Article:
I was so flummoxed that I missed the “teachable moment” aspect of the problem, I just focused on fixing it! I didn’t even take a “before” photo of the chaos. I forgot about you, dear Knitting Daily readers, and how you would want to be part of my process.
So I’m going to recreate it for you, with photo help from our friend TECHknitter and Vicki Square and her go-to Knitter’s Companion book and DVD, filled with basic and advanced knitting techniques.
Since I didn’t take a photo, I borrowed one from our friend TECHknitter, who calls this phenomenon “a terrifying mess.” I agree! (Photo copyright TECHknitter).
SCENE: Kathleen’s TV room, evening, “Big Bang Theory” on TV. Kathleen picks up her knitting bag and pulls out one of the fronts of the Seaweed Cardigan. She looks down to begin a row and notices that the end stitch has fallen off the needle and dropped down several rows.
Kathleen: “OH NO!!!” really loud.
Kathleen’s dog Poppy, awakened from nap on the couch: “What the … ?”
Kathleen digs out notions bag, finds locking marker, and captures rogue stitch before it can get into any more trouble.
She walks quickly to her office, grabs her laptop and the new Knitter’s Companion DVD (because she loves a video and she remembers that Vicki talks about fixing dropped stitches at the end of a row).
She plops back in her chair, finds the segment on fixing dropped stitches, and relaxes to the dulcet tones of Vicki explaining how easy a fix this is.
Kathleen believes Vicki, follows her directions, fixes the stitch, and settles back in to her knitting and TV program.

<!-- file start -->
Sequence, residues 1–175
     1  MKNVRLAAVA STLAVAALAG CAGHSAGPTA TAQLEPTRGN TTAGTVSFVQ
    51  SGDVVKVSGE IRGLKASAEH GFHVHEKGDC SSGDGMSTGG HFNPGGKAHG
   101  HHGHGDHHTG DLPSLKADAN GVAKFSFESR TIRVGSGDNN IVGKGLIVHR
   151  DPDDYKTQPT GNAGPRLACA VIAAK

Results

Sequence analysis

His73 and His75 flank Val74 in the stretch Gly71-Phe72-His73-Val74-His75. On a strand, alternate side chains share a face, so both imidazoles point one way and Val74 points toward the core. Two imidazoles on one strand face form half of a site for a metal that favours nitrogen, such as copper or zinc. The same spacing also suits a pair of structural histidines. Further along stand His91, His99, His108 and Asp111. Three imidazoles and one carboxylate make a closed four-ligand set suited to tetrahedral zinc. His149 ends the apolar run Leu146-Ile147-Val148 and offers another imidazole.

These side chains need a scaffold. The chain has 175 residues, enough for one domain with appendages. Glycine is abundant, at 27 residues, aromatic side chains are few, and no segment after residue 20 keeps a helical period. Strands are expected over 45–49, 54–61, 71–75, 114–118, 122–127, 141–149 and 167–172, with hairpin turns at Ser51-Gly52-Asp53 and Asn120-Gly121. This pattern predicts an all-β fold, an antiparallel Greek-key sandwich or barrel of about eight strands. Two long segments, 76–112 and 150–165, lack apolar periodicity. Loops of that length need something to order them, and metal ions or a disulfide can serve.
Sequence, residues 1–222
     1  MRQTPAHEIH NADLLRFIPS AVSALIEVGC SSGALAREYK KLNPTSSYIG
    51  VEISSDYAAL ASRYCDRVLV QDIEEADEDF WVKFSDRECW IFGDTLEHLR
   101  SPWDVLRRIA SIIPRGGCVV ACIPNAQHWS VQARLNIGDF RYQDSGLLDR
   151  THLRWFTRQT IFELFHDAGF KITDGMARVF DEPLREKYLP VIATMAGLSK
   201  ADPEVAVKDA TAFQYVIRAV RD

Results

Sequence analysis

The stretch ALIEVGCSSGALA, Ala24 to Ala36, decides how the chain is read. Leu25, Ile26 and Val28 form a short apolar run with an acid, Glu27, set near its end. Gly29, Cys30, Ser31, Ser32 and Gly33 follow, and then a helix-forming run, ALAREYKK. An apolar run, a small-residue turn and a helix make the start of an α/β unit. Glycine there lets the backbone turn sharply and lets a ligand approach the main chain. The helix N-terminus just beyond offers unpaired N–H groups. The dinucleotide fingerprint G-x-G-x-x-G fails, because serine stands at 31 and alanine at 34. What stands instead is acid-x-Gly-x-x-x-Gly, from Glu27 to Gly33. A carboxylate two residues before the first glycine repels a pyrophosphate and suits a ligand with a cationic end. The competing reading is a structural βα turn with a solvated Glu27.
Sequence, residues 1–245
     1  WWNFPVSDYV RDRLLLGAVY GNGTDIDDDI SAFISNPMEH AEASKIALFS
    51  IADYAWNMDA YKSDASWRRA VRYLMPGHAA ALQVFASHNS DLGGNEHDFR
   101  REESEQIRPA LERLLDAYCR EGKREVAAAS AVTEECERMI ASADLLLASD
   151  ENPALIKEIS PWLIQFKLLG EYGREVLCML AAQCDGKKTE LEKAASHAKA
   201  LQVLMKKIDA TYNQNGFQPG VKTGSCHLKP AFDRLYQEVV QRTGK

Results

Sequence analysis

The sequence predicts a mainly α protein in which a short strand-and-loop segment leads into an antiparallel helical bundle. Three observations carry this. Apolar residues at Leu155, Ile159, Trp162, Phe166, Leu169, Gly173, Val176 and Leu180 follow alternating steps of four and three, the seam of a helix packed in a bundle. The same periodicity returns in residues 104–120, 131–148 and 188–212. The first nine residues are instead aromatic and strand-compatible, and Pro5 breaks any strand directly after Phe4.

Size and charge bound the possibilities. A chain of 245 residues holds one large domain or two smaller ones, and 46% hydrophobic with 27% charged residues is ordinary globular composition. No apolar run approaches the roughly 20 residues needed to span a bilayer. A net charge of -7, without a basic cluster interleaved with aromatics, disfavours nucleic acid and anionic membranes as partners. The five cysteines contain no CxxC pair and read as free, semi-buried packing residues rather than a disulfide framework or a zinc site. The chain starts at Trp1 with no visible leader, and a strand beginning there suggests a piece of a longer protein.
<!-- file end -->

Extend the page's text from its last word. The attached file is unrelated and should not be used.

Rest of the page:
Poppy heaves a sigh of relief and goes back to sleep.
Edge-of-your-seat knitting drama, right?
Here are the steps I followed to bring order to chaos:
From The Knitter’s Companion: When an edge stitch drops and ravels, there will be no visible “ladders,” but there will be a large loop extending from the edge above a small loop, below which the knitted edge is intact.
- Insert a crochet hook into the small loop, from front to back, then hold the large loop with some tension as you pull the lower part of the large loop through the loop on the hook to form a stitch.
- With the hood in the stitch just made, pull the upper part of the large loop through this loop to form another stitch. Repeat steps 1 and 2 as many times as necessary.
- With the hook in the last stitch made, pull the working yarn through this loop.
- Place the last stitch on the needle, making sure that the leading leg is in front of the needle.
I don’t want you to be caught short when you experience an edge-of-your-seat knitting moment, so please get yourself a copy of The Knitter’s Companion DVD. You’ll have Vicki Square, knitting teacher extraordinaire, waiting in your DVD collection to help you with whatever ails your knitting.